COM 421: Public Relations Strategies
|Professor||Tom Kelleher, Ph.D.|
|Meeting Times and Place||Monday and Wednesday, Noon - 1:15 p.m.
Saunders Hall 637
|Office||Crawford Hall 321, 956-9944|
Monday, 1:30 p.m. - 4:00 p.m.
Catalog description: Practice and effects of public relations. Strategic management, techniques, new communication technologies, diverse publics, ethics and social responsibility all will be emphasized.
In this course, you will learn the basics of public relations by studying public relations practices, history, theory, ethical values, case studies and current events. You will have the opportunity to demonstrate your knowledge of the material covered in course activities and reading assignments through exams, written assignments, class discussions and presentations.
Exams (2 X 30% = 60%)
Two major exams will cover material from class lectures, class discussion, guest speakers, handouts, and assigned readings. Exams may include multiple-choice, short-answer and essay questions. THERE ARE ABSOLUTELY NO MAKE-UP EXAMS without proper documentation for your absence, which must be provided before the absence if at all possible. A missed exam will count as a zero. Primary course objectives covered: 1, 2, 5, 6.
Office visit assignment (10%)
Details and a grading rubric are available online (see links) and will be discussed in class. Primary course objectives covered: 3, 6, 7, 8.
News release assignment
Details will be discussed in class and a grading rubric will be made available. Primary course objective covered: 4.
Contributions to in-class discussion are essential. At the end of the semester, your participation will be rated based on the following:
Primary course objectives covered: 2, 6, 7, 8.
Engaging in distracting behavior -- especially e-mail, phones, texting etc. -- will hurt your participation grade in the same way that being late will hurt your attendance grade (see next section).
In case of absence due to an emergency such as a death in your family or a serious illness, you must notify me and provide appropriate documentation within a week after first missing class. Excuses for planned absences must be given to me in writing and must be approved one week in advance of the missed class period. One unexcused absence is not a problem. Two unexcused absences will mean 9 points maximum for attendance for the semester, three unexcused absences will mean 8 points, etc. Being late (arriving after attendance is taken) or leaving early without an acceptable excuse or advanced approval will equal one tardy. Being late or leaving early twice will equal one unexcused absence. Primary course objectives covered: All.
|News release assignment||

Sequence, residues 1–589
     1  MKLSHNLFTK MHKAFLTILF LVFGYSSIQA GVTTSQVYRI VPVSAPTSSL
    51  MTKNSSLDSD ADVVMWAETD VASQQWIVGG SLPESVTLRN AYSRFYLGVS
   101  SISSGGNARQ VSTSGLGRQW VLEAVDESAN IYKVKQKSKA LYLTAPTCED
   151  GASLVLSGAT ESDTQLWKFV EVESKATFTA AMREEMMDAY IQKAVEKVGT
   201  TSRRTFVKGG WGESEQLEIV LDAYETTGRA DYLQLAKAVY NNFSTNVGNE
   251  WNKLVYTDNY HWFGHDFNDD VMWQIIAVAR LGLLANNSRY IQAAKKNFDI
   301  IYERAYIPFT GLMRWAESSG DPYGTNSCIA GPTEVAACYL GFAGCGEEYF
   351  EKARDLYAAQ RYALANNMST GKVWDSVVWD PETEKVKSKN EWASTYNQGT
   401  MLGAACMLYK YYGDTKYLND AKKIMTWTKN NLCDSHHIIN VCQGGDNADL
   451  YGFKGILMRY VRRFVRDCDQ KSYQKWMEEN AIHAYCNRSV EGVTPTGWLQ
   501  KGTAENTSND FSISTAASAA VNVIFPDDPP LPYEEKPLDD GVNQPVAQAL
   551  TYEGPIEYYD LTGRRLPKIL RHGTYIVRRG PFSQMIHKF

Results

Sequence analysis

|Office visit assignment||
Final Grade Requirements
A = 90-100%
B = 80-89%
C = 70-79%
D = 60-69%
F = Below 60%
There will be absolutely no adjustment of grades on an individual basis (e.g., "I'm only one point away from a B, and I must get a B because I'm on probation.") Any requests to do so will be seen as an attempted breach of fairness to the rest of the class.
Guest speakers will be invited to our class to discuss their perspectives on public relations. As with other in-class activities, missing class when we have guest speakers will mean missing a valuable resource for assignments and exams.
Students requiring special accommodations must notify the instructor and present appropriate supporting documentation by the end of the second week of class.
This course should provide a great learning experience for all of us. The success of the course depends largely on effective student-teacher interaction. Don't feel like you have to have a pressing problem to talk to me. I look forward to hearing your input. I am normally available during my office hours unless announced otherwise, and I'm also willing to set up an appointment if the office hours don't fit your schedule.
The phone number for the School of Communications is 956-8715.
Academic dishonesty of any sort will not be tolerated. I take cheating issues very seriously. Please see me if you have any questions about academic honesty, and I'll be more than happy to discuss such issues before you complete your work.
Preliminary Class Timeline
Please make a careful note of the exam and assignment dates. Make sure that you do not have any scheduling conflicts. The exam dates are very unlikely to change. Other topics and readings are subject to change, especially to accommodate current events and guest speaker schedules. Additional readings and assignments may be added as we go.
|Class Days||General Topics||Assignments Due|
|Jan. 10, 12||
Review syllabus by 1/10
||Read CH 2 by 1/19|
|Jan. 24, 26||
Read CH 3 by 1/24
|Jan. 31, Feb. 2||
Read CH 4 by 1/31
|Feb. 7, 9||
Read CH 5 by 2/7
|Feb. 14, 16||
Read CH 6 by 2/14
Read CH 7 by 2/23
|Feb. 28, March 2||
Read CH 8 by 2/28
|March 7, 9||
||Midterm exam in class on 3/9|
|March 14, 16||
||Read CH 9 by 3/14
Office visit appointments made by 3/16
|Spring Break, March 21-25|
|March 28, 30||
||Read CH 14 by 3/28
Kristen Bonilla, APR, University of Hawaii System, on Mon., March 28
|April 4, 6||
Read CH 15 by 4/4
|April 11, 13||
Read CH 19 by 4/11
|April 18, 20||
||Read CH 10 by 4/18
Peter Rosegg, Hawaiian Electric Company, on Wed., April 20
|April 25, 27||
Read CH 12 by 4/25
|May 2, 4||
Office visit/analysis presentations on 5/2
|Monday, May 9 (Noon - 2 p.m.)||
||Final exam on 5/9|